Walker Evans

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Walker Evans
Walker Evans 1937-02.jpg
Walker Evans in 1937
Born (1903-11-03)November 3, 1903
St. Louis, Missouri, U.S.
Died April 10, 1975(1975-04-10) (aged 71)
New Haven, Connecticut, U.S.
For the off-road and NASCAR driver, see Walker Evans (racer).

Walker Evans (November 3, 1903 – April 10, 1975) was an American photographer best known for his work for the Farm Security Administration (FSA) documenting the effects of the Great Depression. Much of Evans's work from the FSA period uses the large-format, 8x10-inch camera. He said that his goal as a photographer was to make pictures that are "literate, authoritative, transcendent".[1] Many of his works are in the permanent collections of museums and have been the subject of retrospectives at such institutions as The Metropolitan Museum of Art or George Eastman House.[2]

Biography[edit]

Early life[edit]

Born in St. Louis, Missouri, to Jessie (née Crane) and Walker,[3] Walker Evans came from an affluent family. His father was an advertising director. He spent his youth in Toledo, Chicago, and New York City. He attended The Loomis Institute and Mercersburg Academy[4] before graduating from Phillips Academy in Andover, Massachusetts, in 1922. He studied French literature for a year at Williams College, spending much of his time in the school's library, before dropping out. After spending a year in Paris in 1926, he returned to the United States to join the edgy literary and art crowd in New York City. John Cheever, Hart Crane, and Lincoln Kirstein were among his friends. He was a clerk for a stockbroker firm in Wall street from 1927 to 1929.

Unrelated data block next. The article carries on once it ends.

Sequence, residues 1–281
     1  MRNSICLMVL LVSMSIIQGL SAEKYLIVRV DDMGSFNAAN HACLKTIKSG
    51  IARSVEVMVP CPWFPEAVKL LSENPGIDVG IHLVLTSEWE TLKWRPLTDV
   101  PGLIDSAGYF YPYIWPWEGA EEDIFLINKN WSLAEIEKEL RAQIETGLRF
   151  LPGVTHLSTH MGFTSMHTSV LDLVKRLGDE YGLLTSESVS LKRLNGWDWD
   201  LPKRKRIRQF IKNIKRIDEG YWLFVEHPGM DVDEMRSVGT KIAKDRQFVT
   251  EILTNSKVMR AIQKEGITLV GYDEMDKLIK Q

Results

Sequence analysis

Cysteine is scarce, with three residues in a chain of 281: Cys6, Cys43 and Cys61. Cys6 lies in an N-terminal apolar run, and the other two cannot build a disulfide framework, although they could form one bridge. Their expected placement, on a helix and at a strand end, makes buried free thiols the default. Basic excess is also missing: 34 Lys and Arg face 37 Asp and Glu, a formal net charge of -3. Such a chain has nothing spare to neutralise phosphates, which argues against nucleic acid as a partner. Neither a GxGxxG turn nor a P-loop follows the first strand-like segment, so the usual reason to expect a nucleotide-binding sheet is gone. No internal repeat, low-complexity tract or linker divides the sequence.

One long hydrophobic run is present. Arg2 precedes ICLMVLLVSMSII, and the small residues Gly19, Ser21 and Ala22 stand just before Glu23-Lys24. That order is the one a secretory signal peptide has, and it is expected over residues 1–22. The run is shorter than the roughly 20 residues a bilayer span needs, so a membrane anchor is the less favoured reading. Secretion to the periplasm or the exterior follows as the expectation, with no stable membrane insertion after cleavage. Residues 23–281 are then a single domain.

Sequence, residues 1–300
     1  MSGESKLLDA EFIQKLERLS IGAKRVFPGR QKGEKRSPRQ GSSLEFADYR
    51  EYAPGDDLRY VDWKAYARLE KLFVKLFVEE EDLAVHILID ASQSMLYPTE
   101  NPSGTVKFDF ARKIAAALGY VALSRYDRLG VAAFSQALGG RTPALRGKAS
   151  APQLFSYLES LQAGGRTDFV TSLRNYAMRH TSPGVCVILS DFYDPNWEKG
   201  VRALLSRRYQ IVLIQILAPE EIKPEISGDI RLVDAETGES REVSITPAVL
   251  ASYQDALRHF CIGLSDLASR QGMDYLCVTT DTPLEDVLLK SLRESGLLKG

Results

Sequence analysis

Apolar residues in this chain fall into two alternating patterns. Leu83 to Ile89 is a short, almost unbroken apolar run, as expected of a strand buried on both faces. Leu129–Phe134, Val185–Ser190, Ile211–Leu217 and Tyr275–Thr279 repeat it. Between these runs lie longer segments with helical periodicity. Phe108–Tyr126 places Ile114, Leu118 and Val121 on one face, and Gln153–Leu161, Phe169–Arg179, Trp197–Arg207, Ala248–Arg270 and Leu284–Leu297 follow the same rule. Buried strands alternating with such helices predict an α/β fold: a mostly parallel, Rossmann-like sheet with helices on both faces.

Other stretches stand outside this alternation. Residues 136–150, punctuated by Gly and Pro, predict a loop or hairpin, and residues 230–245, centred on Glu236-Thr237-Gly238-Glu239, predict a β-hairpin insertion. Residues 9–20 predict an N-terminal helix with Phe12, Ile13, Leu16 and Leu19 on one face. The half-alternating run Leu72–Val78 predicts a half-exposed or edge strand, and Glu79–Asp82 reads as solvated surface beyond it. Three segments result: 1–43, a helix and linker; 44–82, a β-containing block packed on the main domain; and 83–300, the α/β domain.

Evans took up photography in 1928[1] around the time he was living in Ossining, New York.[5] His influences included Eugène Atget and August Sander.[6] In 1930, he published three photographs (Brooklyn Bridge) in the poetry book The Bridge by Hart Crane. In 1931, he took photo series of Victorian houses in the Boston vicinity sponsored by Lincoln Kirstein. In 1933, he photographed in Cuba on assignment for the publisher of Carleton Beals' then-forthcoming book, The Crime of Cuba, photographing the revolt against the dictator Gerardo Machado. In Cuba, Evans briefly knew Ernest Hemingway.

Evans's photo of Allie Mae Burroughs, a symbol of the Great Depression